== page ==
Dean Takahashi to Leave Yale Endowment

If Warren Buffett could not have built Berkshire without Charlie Munger, the same could be said of David Swensen and Dean Takahashi.

Many consider Swensen and Yale to be the greatest CIO and institutional fund in history. Its success has changed the face of nonprofit investing, particularly in the United States. Investors who trained under Swensen and Takahashi now lead the funds of Princeton University, MIT, Stanford University, University of Pennsylvania, Bowdoin College, and the Packard Foundation, among others.

Takahashi’s departure creates a vacuum at the endowment office, and it is unclear who — if anyone — is poised to fill it.

Legendary Yale Investor Dean Takahashi to Leave Role at Endowment, Institutional Investor

As mentioned before, Takahashi joined Swensen at the endowment more than thirty years ago.

Take Dean Takahashi ’80 B.A., ’83, for example. He took a job with the Yale University Investments Office in 1986, two and a half years out of SOM and just shy of a year after Yale’s now-legendary chief investment officer, David Swensen ’80 PhD, arrived there. “When I started,” Takahashi says, “Yale had a billion and a half dollars, and we’ve now generated more than $40 billion of gains since then.” Over those 32 years, Swensen, Takahashi, and their colleagues have generated returns of 12.8% per annum—a record unequalled among institutional investors.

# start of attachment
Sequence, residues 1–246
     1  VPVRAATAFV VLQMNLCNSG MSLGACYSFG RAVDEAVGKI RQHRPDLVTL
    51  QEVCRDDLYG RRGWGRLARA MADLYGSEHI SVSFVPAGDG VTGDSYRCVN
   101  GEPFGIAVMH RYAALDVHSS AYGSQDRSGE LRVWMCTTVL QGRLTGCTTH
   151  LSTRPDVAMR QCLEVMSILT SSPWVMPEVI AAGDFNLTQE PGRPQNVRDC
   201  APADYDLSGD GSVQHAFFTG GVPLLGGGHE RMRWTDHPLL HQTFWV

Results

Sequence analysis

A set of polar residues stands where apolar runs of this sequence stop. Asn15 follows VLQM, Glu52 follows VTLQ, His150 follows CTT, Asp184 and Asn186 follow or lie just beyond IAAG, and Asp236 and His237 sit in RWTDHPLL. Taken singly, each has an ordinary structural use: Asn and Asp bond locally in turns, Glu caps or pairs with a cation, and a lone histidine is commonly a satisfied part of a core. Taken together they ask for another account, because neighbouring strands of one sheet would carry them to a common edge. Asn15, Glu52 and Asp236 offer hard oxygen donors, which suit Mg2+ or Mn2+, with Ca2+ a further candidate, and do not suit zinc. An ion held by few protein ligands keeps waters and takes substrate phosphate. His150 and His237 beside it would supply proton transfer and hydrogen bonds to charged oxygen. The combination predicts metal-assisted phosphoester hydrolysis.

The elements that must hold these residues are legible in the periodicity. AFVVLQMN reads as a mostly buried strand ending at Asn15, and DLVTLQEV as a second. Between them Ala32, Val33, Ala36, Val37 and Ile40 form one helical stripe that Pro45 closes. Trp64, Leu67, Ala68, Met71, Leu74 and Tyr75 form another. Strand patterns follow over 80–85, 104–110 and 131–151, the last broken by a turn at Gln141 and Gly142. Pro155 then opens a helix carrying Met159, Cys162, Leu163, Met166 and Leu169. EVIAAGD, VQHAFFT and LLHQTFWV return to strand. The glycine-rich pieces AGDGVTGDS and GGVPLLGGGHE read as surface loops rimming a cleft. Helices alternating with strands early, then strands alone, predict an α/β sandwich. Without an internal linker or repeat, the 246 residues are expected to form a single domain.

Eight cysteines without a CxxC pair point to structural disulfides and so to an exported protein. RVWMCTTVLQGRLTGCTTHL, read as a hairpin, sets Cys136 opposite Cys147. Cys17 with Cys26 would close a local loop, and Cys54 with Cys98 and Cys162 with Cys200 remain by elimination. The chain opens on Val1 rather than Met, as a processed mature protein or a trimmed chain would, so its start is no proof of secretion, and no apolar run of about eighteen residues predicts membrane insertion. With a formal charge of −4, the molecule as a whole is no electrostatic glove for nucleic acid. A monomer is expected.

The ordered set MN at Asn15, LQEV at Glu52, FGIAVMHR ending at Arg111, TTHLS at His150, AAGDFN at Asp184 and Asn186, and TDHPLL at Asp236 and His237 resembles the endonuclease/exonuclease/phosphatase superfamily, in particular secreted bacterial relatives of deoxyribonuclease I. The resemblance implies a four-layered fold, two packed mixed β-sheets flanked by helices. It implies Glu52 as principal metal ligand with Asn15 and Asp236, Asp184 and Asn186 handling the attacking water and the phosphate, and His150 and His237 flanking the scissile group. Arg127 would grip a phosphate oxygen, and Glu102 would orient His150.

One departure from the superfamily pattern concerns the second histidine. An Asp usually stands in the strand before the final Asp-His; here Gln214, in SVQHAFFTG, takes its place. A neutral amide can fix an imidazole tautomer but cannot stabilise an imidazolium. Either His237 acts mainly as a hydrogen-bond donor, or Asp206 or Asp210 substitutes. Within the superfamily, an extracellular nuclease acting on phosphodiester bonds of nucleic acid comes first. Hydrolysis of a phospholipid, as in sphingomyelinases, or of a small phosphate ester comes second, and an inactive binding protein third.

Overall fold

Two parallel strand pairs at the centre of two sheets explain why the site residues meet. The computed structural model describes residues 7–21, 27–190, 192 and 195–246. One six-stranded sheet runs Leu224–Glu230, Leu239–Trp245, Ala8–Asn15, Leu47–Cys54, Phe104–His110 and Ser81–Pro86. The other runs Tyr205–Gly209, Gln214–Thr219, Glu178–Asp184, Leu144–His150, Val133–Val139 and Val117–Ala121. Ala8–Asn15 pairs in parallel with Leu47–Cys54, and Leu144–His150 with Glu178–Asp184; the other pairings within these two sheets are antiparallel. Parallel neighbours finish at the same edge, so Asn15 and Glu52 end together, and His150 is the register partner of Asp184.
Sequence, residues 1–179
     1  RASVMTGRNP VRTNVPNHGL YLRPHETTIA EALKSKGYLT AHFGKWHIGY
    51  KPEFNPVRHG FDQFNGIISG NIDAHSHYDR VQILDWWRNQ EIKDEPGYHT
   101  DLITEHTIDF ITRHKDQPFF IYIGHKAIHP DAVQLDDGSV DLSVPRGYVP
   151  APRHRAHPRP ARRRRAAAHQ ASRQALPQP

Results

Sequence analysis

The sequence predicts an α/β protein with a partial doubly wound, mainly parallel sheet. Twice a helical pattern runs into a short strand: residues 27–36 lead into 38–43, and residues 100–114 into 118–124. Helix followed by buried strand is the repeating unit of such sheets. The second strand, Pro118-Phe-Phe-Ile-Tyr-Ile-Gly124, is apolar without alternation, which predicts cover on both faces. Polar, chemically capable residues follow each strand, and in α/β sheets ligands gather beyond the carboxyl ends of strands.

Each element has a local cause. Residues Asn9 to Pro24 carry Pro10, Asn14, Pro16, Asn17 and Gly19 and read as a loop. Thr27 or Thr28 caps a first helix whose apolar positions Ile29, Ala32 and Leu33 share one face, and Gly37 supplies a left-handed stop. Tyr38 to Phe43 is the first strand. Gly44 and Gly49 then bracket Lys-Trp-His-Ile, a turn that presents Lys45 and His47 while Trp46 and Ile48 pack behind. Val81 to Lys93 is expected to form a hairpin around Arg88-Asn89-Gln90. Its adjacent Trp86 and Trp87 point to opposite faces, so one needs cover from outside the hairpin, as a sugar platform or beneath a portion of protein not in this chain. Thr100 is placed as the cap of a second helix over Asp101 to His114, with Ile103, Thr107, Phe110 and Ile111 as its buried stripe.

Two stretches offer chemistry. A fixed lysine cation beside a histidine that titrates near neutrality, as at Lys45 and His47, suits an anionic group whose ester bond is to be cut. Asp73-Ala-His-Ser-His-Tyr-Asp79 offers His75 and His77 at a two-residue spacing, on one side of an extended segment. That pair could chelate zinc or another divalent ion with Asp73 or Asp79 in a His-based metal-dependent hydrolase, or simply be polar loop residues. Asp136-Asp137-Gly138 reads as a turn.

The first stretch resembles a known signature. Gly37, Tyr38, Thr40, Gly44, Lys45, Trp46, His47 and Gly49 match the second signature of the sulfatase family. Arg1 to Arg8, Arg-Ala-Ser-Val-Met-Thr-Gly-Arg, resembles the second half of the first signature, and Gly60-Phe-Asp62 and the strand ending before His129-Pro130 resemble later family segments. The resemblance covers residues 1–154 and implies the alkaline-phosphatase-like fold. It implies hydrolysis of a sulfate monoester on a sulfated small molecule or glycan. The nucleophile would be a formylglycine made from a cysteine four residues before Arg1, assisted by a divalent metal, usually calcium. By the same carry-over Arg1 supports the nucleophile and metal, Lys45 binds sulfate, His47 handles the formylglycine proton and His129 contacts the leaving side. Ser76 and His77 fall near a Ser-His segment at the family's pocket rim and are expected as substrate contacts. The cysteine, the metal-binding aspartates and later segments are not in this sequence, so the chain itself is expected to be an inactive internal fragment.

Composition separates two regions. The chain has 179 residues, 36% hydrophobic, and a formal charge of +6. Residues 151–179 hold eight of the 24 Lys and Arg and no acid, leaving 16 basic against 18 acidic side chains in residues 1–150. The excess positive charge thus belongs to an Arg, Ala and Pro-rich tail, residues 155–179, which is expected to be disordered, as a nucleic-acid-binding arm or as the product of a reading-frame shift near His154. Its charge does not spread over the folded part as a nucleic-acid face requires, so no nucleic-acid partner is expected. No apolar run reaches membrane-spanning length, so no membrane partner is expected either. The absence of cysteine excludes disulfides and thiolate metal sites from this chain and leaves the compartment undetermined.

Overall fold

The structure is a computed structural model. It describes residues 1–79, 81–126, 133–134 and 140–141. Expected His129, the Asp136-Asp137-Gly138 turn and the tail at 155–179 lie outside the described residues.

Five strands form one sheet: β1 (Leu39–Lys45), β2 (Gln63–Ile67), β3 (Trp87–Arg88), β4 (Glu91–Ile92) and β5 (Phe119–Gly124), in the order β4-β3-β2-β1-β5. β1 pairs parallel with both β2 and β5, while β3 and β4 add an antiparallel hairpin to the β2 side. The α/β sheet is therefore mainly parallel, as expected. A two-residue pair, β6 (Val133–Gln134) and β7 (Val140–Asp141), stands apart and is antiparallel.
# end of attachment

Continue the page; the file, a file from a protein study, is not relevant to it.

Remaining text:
Alumni Spread the Yale Model of Endowment Management, Yale SOM

The so-called ‘Yale Model’ did not exist back then.

At the time, the university had more than 60% of its funds invested in U.S. stocks, Takahashi said. The new investing strategy that he helped launch emphasized diversification and increased the endowment’s commitments to venture capital, foreign equity, private equity, real estate and natural resources. In addition to reducing its exposure to domestic marketable equity, the university decreased its allocations to bonds and cash. “Yale needs to be equity-oriented in order to generate high returns,” Takahashi said.

The results have been dramatic. During the past 20 years, the endowment has had the best performance of any endowment or institutional investor with an average annual return of 13.9%.

Dean Takahashi ’83 on the Simple Principles Behind the ‘Yale Model’ of Investment Management, Yale SOM

College mascot sitting on a bench on Broadway at Yale campus.
Twitter @yalealumnimag

Post by Marcelino Pantoja